Does coffee stunt your growth?

The caffeine in coffee may or may not have an effect on growth. So, does coffee stop your growth? Is it true that caffeine can stunt a child's growth?

Does coffee stunt your growth?
Can coffee really stunt your growth?

While there are many studies in the medical world on the effect of caffeine, most of them are on adults, who are much larger than children. 

Does coffee stunt your growth?

A study published in 2007 in the New England Journal of Medicine followed a group of children and adolescents over three years and found no effect of caffeine on body mass index, a general way to measure weight-for-height. And another, more recent study, conducted by scientists at McMaster University in Hamilton, Ont., and published in 2015, found no significant relationship between caffeine intake and stunted growth in children and teenagers.

These studies were primarily based on spot urine tests that only measure caffeine levels a few hours after children start drinking coffee and don’t account for the caffeine content of other foods or the amount of water consumed.

Myth or fact: does coffee stunt your growth?

“Caffeine is a compound found in a wide variety of foods,” said Dr. Janice O’Donnell, an assistant professor at the University of Waterloo. “And if kids are drinking caffeinated drinks and eating foods like chocolate, energy drinks and foods like potato chips,” she continued, “it can be hard to tease out what part of the dose comes from the coffee and what comes from the other foods.”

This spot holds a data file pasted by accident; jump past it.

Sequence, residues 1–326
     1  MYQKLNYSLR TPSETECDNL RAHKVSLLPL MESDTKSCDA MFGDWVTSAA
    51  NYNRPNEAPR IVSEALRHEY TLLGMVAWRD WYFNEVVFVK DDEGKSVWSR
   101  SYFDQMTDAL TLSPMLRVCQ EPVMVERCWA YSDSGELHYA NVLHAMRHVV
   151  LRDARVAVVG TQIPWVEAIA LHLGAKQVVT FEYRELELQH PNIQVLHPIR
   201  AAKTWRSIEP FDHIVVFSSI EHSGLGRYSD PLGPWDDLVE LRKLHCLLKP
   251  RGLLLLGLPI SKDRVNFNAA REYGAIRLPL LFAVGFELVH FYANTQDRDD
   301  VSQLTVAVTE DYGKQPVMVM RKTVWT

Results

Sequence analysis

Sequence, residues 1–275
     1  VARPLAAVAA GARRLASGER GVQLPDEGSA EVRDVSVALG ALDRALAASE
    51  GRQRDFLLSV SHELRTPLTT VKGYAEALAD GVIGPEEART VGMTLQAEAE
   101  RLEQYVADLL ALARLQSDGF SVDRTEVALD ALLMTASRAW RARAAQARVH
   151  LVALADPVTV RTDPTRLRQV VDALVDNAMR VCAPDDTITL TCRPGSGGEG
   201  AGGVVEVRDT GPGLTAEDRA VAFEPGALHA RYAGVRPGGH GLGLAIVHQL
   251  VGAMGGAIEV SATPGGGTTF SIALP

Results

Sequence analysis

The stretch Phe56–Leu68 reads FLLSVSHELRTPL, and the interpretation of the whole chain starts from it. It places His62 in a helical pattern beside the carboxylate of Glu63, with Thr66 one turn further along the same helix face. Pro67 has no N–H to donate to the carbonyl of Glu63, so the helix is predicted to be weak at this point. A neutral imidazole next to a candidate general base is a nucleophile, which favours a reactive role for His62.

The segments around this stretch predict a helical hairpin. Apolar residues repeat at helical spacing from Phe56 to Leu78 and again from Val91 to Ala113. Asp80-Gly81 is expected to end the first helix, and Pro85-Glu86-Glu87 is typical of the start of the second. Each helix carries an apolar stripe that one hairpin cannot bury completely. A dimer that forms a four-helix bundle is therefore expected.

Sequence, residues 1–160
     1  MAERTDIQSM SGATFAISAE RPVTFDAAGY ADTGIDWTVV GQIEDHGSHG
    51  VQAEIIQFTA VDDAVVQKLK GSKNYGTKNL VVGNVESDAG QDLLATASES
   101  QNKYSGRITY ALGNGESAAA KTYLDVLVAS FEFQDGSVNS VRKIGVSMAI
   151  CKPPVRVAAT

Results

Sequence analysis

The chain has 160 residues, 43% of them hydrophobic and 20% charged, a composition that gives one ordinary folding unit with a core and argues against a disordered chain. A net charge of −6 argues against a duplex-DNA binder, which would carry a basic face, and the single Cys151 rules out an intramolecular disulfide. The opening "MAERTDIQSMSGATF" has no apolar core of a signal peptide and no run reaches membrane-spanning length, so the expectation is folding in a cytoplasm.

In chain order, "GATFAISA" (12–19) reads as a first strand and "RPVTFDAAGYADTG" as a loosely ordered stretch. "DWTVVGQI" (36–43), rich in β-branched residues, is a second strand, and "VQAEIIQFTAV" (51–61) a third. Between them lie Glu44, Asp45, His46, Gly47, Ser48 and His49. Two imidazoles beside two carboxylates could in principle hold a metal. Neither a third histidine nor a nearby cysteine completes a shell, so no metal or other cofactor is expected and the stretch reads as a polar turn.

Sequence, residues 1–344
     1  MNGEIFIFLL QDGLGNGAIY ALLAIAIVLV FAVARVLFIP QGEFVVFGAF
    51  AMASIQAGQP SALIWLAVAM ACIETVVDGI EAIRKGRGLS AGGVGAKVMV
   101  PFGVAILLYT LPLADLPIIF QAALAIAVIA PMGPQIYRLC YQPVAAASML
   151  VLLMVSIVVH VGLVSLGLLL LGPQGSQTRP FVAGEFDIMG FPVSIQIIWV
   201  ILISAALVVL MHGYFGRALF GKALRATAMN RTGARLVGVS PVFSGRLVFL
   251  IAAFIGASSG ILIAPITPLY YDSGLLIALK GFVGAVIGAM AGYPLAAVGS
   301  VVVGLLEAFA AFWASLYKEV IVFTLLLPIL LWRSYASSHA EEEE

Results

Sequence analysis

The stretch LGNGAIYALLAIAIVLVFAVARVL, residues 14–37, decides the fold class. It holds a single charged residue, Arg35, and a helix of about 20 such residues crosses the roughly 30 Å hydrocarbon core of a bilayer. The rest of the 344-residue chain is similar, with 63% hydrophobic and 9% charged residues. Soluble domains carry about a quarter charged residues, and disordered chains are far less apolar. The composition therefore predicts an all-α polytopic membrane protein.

Children’s bodies have different systems of elimination and absorption than adults. Because of this, caffeine passes through children’s bodies at a much faster rate than adults, said Dr. O’Donnell. If the coffee is the main source of caffeine, it could be having a negative effect without a measurable influence.

When we add to that the high caffeine levels found in energy drinks and other caffeinated sports and recreation drinks, it becomes even trickier to accurately trace the source of caffeine used by children.

However, Dr. O’Donnell, who has consulted for the F.D.A. and done research on caffeine’s health effects, is not convinced that caffeine from energy drinks or caffeinated drinks in general is dangerous.

“From what I see from the studies that are done, the evidence doesn’t show that caffeine has negative effects on children’s health,” Dr. O’Donnell said.